Very young children simply do not know what we mean when we ask them 'how many?' and it takes a long time for most children to understand what a number is. This isn't surprising because it is a difficult area for a child to grasp. From an early age, children learn the names of things like 'cup', 'teddy bear' and 'car'. These are relatively easy for them to learn because we can point to a cup and say its name.

After this has happened a few times, many children learn to recognise the word, and later to say it themselves. But learning what we mean by 'two' and 'four' is much harder for a child. Many children learn about the idea of 'how many' very gradually. They are helped in the early stages if you draw their attention to the way numbers match things or objects, like giving each person a glass of something to drink: 'one glass for Molly … one for Sam … one for …' and so on.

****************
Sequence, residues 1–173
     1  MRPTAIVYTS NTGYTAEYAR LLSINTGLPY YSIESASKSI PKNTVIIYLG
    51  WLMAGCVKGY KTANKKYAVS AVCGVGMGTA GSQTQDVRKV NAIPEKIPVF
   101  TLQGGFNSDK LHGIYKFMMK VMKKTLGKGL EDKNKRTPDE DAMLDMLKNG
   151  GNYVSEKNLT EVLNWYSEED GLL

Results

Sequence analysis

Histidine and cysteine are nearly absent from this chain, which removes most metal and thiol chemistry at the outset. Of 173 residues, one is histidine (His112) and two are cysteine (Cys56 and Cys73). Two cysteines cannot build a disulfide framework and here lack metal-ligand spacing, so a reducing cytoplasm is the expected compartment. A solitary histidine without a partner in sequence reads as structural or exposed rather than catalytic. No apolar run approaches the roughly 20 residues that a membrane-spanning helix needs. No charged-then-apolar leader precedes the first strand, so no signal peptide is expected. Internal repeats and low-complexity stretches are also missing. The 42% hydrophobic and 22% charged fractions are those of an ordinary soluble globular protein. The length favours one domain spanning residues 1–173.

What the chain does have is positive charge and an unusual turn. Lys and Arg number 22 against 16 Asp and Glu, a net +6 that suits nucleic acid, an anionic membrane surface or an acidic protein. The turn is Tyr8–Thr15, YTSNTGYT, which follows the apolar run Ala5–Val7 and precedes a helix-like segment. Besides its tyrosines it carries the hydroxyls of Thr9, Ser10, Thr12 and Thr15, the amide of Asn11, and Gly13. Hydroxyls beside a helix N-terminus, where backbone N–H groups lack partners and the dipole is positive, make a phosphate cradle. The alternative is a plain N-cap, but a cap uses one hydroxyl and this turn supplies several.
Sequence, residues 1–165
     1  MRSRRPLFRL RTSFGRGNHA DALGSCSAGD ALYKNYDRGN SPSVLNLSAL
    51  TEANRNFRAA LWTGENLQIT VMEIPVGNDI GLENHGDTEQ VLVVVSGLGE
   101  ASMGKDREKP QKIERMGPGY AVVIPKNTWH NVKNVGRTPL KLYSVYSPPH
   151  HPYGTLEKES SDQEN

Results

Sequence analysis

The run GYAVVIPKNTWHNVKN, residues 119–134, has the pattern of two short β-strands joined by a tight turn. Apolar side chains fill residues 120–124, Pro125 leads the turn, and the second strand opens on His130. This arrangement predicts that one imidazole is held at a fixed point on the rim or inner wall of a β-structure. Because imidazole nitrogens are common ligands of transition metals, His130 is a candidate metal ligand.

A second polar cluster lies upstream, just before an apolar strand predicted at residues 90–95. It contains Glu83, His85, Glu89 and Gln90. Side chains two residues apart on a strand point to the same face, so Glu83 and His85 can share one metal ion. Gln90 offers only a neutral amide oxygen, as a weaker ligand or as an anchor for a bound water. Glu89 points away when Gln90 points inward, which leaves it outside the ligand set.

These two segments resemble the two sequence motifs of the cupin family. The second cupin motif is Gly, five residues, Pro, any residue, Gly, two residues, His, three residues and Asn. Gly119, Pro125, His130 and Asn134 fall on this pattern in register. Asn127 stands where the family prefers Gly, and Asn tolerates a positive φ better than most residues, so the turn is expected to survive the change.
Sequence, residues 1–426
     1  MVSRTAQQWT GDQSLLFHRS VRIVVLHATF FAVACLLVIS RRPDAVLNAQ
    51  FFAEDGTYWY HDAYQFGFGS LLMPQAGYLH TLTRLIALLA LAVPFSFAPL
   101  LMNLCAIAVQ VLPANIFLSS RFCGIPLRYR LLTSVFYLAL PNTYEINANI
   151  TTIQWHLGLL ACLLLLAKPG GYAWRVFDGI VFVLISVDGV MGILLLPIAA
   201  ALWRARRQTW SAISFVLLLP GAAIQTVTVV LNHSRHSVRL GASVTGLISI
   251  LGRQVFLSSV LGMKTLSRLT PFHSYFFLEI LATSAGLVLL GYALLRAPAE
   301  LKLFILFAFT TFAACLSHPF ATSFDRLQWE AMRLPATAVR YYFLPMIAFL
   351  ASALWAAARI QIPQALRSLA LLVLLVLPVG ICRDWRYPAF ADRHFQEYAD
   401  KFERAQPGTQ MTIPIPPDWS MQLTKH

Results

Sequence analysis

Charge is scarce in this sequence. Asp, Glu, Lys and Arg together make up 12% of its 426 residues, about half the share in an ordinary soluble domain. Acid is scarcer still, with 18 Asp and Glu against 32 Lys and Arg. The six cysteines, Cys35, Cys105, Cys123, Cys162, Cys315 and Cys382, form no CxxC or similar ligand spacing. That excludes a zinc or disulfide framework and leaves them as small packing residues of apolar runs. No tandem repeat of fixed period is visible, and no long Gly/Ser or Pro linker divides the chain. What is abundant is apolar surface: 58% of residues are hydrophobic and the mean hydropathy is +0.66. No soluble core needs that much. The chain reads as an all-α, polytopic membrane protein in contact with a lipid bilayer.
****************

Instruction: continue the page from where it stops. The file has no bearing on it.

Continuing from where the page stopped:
Counting together
Count as many things as you can. Bathtime is a good time to get your child to count how many fingers and toes they have. Count the stairs as you climb them.

Ten things in a matchbox
Find an empty matchbox. Ask your child to find ten little things (all different) that will fit inside, all at once. Afterwards, help your child count the contents. This is good for both counting and learning about size.

Money and coins activites

Children love playing with coins. Just tip out the contents of your purse, wash them first and put them on a tray. Ask the children to make sure it all stays on the tray, and they'll probably be happy for ages. If they run short of ideas you could suggest:

Sort the coins
Ask your child to put all the 1p pieces together, then all the 2p pieces and so on. Children aren't always good at telling the difference between the coins, and this gives them some useful practice. Can they find one of each coin? How many different coins are there altogether? (Do you know that? Most adults need to think about it before they can answer).